Last night I was pretty hard on the Cubs, suggesting outright that their current iteration just doesn’t have the stuff of champions. Why don’t they have what it takes? Because they’re building their baseball team upside down.
In 2007, Jon Daniels had a meeting with then owner Tom Hicks. Everyone knows that the Hicks Era started with big money and big promises, but as time went on a contender was never fielded.
Daniels wanted to change that and told Hicks that he had a plan to turn things around. Instead of going after every big-time free agent in the off-season, the Rangers would rededicate to scouting and bolstering their farm system. They would start with a sturdy foundation and build up.
Shortly after, Mark Teixeira was traded away for a catcher, three pitchers, and a shortstop named Elvis. The process had begun.
When you’re building a team there are three ways to acquire talent:
Scout young talent and draft them or sign them as free agents out of Latin America (or the Pacific Rim or wherever they’re from).
Make trades using either your major league level talent or some of the minor leaguers that you acquired in #1.
Spend some money on free agent talent.
The Jon Daniels Philosophy of the last 3 years includes all of these steps, with a heavy emphasis on #1. Think of it as a pyramid, with more players coming from the lowest level.
The Steinbrenner Philosophy focuses on #3 more exclusively with a little #2 peppered in. Essentially, you build your pyramid point-down and #1 becomes an afterthought.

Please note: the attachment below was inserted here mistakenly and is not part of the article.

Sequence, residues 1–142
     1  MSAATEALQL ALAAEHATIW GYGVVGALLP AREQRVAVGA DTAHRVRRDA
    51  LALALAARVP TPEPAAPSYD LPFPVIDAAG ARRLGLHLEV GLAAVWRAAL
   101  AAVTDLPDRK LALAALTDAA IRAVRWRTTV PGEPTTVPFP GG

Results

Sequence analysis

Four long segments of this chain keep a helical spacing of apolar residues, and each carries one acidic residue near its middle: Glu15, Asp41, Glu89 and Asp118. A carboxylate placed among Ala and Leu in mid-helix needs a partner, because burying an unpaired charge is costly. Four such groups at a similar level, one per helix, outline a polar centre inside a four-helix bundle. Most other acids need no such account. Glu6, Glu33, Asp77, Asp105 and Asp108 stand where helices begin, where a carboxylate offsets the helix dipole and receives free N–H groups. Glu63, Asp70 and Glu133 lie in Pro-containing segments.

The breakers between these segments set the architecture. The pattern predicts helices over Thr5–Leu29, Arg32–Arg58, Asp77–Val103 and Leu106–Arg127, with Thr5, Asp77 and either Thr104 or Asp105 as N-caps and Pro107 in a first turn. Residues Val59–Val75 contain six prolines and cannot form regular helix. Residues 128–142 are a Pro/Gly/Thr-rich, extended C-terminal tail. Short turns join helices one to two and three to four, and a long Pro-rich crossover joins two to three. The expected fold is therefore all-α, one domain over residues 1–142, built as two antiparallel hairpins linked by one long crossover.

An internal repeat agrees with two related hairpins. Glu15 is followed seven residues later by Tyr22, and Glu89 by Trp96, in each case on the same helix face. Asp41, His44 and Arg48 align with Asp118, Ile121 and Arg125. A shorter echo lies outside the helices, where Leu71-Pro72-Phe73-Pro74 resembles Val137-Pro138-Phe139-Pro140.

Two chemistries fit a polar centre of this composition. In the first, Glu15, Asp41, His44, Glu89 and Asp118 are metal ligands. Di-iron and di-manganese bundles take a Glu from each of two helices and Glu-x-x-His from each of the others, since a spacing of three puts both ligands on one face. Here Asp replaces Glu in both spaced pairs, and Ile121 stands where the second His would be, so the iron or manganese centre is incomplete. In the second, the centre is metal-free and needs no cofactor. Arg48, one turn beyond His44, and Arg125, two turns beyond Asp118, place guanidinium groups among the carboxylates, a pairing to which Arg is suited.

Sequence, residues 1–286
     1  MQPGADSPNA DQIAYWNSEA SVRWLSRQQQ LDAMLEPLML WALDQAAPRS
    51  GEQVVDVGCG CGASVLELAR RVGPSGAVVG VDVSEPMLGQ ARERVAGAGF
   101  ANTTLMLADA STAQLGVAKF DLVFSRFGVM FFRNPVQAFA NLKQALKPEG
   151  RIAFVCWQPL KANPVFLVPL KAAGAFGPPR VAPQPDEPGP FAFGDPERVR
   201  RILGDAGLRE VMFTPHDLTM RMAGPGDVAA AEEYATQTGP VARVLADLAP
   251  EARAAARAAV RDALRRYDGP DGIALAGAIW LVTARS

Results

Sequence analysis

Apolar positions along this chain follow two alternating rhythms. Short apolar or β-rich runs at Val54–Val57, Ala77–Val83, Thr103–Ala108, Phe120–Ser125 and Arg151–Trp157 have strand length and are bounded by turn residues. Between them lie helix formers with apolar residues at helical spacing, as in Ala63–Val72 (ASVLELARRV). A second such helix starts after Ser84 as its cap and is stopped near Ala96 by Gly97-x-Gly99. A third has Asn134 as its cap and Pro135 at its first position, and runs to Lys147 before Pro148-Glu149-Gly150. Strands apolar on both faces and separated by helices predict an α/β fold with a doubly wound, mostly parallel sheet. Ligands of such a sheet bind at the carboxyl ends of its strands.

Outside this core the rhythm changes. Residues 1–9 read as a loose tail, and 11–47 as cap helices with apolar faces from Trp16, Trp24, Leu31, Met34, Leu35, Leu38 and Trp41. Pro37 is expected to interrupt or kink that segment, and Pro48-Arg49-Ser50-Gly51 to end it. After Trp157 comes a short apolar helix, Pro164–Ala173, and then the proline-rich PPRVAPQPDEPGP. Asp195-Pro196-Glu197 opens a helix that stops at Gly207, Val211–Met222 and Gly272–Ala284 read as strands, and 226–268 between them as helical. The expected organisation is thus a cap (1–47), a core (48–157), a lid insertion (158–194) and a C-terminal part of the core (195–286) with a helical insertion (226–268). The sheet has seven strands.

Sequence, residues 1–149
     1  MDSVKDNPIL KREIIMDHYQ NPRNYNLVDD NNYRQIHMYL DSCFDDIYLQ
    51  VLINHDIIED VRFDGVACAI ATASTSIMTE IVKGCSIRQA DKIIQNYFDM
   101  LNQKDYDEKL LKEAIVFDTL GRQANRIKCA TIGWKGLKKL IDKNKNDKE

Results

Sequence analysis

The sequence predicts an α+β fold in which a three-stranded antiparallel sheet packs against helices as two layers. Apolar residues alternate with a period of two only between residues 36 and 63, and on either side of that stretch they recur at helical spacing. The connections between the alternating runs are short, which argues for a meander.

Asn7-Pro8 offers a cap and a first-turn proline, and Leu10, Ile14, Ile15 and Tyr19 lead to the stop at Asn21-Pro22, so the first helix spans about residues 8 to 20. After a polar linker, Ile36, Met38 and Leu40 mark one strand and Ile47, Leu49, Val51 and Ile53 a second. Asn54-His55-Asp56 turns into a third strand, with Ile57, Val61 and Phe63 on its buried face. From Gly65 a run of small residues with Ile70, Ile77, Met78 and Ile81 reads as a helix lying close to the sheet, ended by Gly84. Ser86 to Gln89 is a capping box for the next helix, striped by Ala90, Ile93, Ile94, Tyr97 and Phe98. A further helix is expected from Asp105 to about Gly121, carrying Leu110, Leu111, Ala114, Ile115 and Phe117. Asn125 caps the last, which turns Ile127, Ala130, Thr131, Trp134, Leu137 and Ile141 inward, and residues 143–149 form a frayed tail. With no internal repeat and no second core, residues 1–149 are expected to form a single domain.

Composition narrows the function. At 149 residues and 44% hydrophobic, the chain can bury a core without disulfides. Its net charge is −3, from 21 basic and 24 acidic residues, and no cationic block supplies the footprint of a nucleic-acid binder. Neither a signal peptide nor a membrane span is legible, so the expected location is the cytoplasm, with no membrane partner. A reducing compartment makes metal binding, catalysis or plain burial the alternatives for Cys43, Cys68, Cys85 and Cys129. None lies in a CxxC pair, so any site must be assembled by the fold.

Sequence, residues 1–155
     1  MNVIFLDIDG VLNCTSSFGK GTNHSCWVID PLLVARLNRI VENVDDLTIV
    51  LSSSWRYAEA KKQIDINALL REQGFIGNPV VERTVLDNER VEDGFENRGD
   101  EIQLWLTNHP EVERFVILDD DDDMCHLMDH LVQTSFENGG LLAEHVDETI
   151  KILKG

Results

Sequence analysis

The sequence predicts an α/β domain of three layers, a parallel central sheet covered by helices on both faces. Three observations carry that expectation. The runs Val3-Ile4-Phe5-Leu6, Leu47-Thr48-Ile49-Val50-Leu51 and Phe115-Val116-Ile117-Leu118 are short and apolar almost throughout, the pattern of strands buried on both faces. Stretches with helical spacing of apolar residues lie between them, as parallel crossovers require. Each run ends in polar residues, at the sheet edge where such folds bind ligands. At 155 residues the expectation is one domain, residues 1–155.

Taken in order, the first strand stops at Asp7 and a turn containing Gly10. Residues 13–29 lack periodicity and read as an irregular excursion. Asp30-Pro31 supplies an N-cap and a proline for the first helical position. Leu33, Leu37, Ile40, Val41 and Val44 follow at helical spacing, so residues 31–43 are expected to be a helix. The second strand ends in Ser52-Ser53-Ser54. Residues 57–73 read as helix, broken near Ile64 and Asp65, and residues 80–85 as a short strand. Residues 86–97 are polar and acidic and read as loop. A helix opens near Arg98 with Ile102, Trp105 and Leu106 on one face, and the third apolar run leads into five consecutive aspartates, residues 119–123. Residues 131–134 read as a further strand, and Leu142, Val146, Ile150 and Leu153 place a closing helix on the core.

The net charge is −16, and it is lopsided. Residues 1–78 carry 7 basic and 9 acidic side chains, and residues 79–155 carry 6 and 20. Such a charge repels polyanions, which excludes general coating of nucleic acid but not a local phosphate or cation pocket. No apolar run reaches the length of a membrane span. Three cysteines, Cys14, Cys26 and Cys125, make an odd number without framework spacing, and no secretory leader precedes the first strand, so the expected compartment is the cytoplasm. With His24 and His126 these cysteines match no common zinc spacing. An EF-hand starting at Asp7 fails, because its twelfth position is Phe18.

What you wind up with in the Steinbrenner Philosophy is a ravaged farm system, an unsustainable economic model, and a window of only a few seasons.
A Yankee fan will argue that spending money is the price of doing business and that they are special because they do what it takes to field a contender every single year.
But the dirty truth is that the Yankees have been to just as many World Series as the Rangers in the last 5 years and have spent a lot more money in the process.
In fact, the day after the Rangers clinched their pennant a New York newspaper headline read ‘Yanks for Nothing: $210MM Bust’.
Spending that kind of money is a luxury that only a few teams can afford.
Back in the 90s, the Yankees saw another renaissance of their once proud dynasty. Those teams weren’t built on big bucks, but instead came out of the system first. With guys like Jeter and Pettitte and Rivera, they had a young core that they built around. For the first time in 20 years, they were allowed to hold onto prospect talent and it paid off.
That’s what the Rangers are trying to do. They draft 1st and trade 2nd. Not only do they trade, but they trade shrewdly, not sacrificing the entire farm for short-term gain. Then and only then do they try to sign big name free agents, like Adrian Beltre and Cliff Lee.
It only took 3 years for the new system to start paying off .
Of course, a lot of fans out there would say that they don’t want to hear about prospects because any good prospect can go bust. That’s true. Anyone can be a bust, but at least it’s a cheap bust. I’d rather miss on a 19-year-old kid that cost $400,000 instead of paying AJ Burnett $16MM a season to win me 10 games. Maybe that’s just me, though.
One more thing on the Cubs, something to think about. In 2003 the Cubs may have come one Bartman away from going to the World Series. Their top three pitchers, the ones leading the charge, were all home grown. Prior & Wood were drafted and Zambrano was signed out of Venezuela.
I’m sure Jon Greenberg can explain to you why that was stupid.
My name is Mike. I am an avid fan of the Texas Rangers. I like reading and jogging, but I don't do either nearly as often as I should. I like writing about more than just baseball.
Your opinion is your own, but please be respectful. Everyone is welcome in The Bleacher Seats.